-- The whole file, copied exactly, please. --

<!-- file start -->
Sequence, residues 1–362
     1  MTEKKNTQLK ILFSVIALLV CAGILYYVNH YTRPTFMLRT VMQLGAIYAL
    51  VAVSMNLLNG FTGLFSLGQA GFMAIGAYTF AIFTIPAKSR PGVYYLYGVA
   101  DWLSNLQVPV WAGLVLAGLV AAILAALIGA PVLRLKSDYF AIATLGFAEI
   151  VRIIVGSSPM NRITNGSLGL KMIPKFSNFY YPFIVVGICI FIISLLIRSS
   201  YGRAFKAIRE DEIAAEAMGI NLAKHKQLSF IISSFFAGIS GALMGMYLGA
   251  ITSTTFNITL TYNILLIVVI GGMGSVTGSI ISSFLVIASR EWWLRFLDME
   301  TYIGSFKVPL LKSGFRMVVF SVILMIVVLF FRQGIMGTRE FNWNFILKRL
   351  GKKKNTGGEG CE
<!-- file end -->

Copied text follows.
Sequence, residues 1–362
     1  MTEKKNTQLK ILFSVIALLV CAGILYYVNH YTRPTFMLRT VMQLGAIYAL
    51  VAVSMNLLNG FTGLFSLGQA GFMAIGAYTF AIFTIPAKSR PGVYYLYGVA
   101  DWLSNLQVPV WAGLVLAGLV AAILAALIGA PVLRLKSDYF AIATLGFAEI
   151  VRIIVGSSPM NRITNGSLGL KMIPKFSNFY YPFIVVGICI FIISLLIRSS
   201  YGRAFKAIRE DEIAAEAMGI NLAKHKQLSF IISSFFAGIS GALMGMYLGA
   251  ITSTTFNITL TYNILLIVVI GGMGSVTGSI ISSFLVIASR EWWLRFLDME
   301  TYIGSFKVPL LKSGFRMVVF SVILMIVVLF FRQGIMGTRE FNWNFILKRL
   351  GKKKNTGGEG CE